Hartley Magazine

All the latest news, hints, tips and advice from our experts

How to deal with Mildew on Plants

The warmest April on record has provided ideal conditions for one garden fungus – powdery mildew, to thrive so be on your guard for early infections on vulnerable plants. It’s a dry whitish powder that coats the tops of the leaves but soon spreads to the undersides, shoot tips and flowers stunting and distorting foliage and weakening plants. Infected fruits split and crack, though if you catch them early, gooseberries can be wiped clean and eaten. Powdery mildew affects woody and herbaceous plants, like roses, apples, sweet peas, some clematis if they become too dry and plants in hanging baskets, but beetroot, parsnips and spinach leaves can be affected too. Yellow patches appear on the upper surfaces of Rhododendron leaves with corresponding brown felty blotches below. Since rhododendrons are evergreen, there’s plenty of opportunity for the disease to spread so always buy healthy plants and treat those that are infected immediately. Look out for resistant varieties like the swede ‘Marian‘, courgette ‘Sebring‘, Brussels sprout ‘Wellington‘, gooseberries like ‘Hinnomaki Red‘ and species clematis which are less susceptible to attack. Mildews can spread to cultivated plants from closely related weeds, so weed control in the garden is important too.

As dryness at the roots increases susceptibility, keep plants well watered, don’t splash the foliage and mulch when the soil is moist. Improve air circulation around plants by pruning, open vents or turn on the fan in the greenhouse and don’t plant too densely, as the fungus loves stagnant air, plant vegetables at the correct spacing and avoid too much high-nitrogen fertilizer which encourages vulnerable soft sappy growth. Grow plants in their preferred position so they are not under stress and at risk of infection. Prune out infected parts immediately and ensure that white patches on stems (the resting stage) are pruned out of roses during winter pruning. Collect and burn or dispose of all infected debris. Many local authorities now collect for composting so dispose of any disease infected material in there, the temperatures created on their giant heaps is sufficient to kill spores.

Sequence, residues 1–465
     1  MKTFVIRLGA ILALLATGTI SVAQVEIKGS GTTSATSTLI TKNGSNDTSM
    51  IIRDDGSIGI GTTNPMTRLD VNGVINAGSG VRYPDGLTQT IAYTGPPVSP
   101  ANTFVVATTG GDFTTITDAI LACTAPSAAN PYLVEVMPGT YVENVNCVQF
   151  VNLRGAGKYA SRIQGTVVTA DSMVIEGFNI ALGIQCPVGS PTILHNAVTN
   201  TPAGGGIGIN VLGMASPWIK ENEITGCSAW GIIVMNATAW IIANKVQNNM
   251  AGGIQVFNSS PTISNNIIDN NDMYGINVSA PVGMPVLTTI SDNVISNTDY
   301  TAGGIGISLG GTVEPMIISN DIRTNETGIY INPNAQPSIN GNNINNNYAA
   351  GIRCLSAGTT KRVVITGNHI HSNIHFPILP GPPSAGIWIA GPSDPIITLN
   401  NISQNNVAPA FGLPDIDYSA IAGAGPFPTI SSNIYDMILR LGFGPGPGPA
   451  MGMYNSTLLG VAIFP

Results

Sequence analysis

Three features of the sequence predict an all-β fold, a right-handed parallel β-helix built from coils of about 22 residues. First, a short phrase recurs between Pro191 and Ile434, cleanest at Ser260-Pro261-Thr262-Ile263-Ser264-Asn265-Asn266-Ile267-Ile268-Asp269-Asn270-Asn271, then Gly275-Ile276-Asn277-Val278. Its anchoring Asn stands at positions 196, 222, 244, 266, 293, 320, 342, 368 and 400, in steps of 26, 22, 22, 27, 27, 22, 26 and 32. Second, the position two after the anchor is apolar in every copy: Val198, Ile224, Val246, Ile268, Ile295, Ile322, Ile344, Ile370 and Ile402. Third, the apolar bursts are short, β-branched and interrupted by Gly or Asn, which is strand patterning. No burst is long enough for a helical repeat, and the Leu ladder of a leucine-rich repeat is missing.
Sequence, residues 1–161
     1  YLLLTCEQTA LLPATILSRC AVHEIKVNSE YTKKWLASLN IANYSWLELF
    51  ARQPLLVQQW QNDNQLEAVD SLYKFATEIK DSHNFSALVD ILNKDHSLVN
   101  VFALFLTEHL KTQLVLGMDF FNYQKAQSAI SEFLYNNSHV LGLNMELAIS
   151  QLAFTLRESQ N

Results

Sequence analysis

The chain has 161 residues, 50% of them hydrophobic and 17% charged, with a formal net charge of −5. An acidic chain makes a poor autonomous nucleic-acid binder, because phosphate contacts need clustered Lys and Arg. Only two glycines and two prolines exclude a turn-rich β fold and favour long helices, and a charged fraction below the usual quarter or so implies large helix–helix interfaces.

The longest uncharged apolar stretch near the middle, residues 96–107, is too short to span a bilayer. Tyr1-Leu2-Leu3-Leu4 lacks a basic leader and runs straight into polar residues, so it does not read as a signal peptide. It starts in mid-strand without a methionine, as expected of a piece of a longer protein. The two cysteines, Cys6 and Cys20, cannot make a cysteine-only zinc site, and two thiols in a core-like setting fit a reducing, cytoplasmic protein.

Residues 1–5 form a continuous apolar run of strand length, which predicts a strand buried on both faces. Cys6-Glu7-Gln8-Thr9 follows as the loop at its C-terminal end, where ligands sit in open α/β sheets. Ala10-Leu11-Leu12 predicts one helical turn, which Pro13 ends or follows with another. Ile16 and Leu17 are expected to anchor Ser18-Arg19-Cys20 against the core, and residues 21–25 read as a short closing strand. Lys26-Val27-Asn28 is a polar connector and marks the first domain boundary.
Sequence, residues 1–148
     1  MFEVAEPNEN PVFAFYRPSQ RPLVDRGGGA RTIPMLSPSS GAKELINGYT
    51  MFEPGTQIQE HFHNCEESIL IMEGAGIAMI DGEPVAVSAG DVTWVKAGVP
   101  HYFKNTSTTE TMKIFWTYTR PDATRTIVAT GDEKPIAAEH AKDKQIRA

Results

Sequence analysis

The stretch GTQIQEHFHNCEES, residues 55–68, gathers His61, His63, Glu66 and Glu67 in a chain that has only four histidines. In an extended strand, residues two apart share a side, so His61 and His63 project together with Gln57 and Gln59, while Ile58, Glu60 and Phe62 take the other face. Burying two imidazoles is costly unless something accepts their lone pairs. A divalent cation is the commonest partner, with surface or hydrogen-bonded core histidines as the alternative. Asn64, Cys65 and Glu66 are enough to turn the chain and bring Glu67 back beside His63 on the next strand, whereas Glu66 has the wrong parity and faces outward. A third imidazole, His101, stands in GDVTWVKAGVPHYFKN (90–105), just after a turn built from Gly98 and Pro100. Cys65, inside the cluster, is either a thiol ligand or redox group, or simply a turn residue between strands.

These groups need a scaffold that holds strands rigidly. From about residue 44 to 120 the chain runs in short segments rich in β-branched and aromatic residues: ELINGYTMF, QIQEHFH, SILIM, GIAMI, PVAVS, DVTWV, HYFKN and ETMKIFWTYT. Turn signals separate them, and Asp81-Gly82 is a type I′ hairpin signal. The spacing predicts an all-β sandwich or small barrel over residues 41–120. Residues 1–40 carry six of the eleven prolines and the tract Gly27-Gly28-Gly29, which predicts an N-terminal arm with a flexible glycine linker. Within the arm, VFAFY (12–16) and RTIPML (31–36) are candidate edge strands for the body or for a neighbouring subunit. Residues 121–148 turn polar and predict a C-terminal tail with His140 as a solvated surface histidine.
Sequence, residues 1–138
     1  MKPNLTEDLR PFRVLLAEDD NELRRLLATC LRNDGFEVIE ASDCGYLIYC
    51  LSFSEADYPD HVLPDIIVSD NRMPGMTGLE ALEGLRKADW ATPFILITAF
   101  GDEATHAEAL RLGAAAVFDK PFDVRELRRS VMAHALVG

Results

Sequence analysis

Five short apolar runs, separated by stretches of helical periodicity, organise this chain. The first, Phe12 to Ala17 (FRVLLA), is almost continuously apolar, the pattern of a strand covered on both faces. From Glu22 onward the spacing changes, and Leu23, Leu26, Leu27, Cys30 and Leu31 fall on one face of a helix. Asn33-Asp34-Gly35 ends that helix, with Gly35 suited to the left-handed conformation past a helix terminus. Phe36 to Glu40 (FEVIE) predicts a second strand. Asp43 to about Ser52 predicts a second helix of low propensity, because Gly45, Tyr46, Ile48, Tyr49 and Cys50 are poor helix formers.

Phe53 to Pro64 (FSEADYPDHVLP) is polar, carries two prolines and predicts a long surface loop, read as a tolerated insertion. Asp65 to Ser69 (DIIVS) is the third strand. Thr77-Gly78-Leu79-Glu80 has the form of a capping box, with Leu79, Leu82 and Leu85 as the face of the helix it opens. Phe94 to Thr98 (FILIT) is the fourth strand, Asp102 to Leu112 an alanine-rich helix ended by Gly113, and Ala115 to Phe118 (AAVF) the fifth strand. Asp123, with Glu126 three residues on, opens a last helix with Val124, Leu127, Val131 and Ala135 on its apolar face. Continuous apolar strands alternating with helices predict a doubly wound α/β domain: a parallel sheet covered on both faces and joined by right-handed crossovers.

Spray with the relevant chemicals, sulphur or fatty acids as soon as you notice any infection. There are no fungicides recommended for use on most vegetables, so you need to find an alternative method. Bicarbonate of soda at 5g per litre controls powdery mildew and researchers in Brazil discovered that milk solution was effective on courgettes and boosted the plant‘s immune system too. A weekly spray of one part milk to nine parts water reduced the severity of infection by 90 per cent, however if milk concentrations rose above 30 per cent fungus grew on the plants. In New Zealand, researchers found skimmed milk to be equally effective and the reduced fat content decreased the chance of odours. The whole plant needs to be sprayed as it is a contact control, however neither product is legally approved for powdery mildew control, I am not allowed to recommend them! It has started to appear on my gooseberry cordons so immediate action is needed! Make sure that all spraying equipment is clearly labelled and wash it out thoroughly after use.

Happy gardening!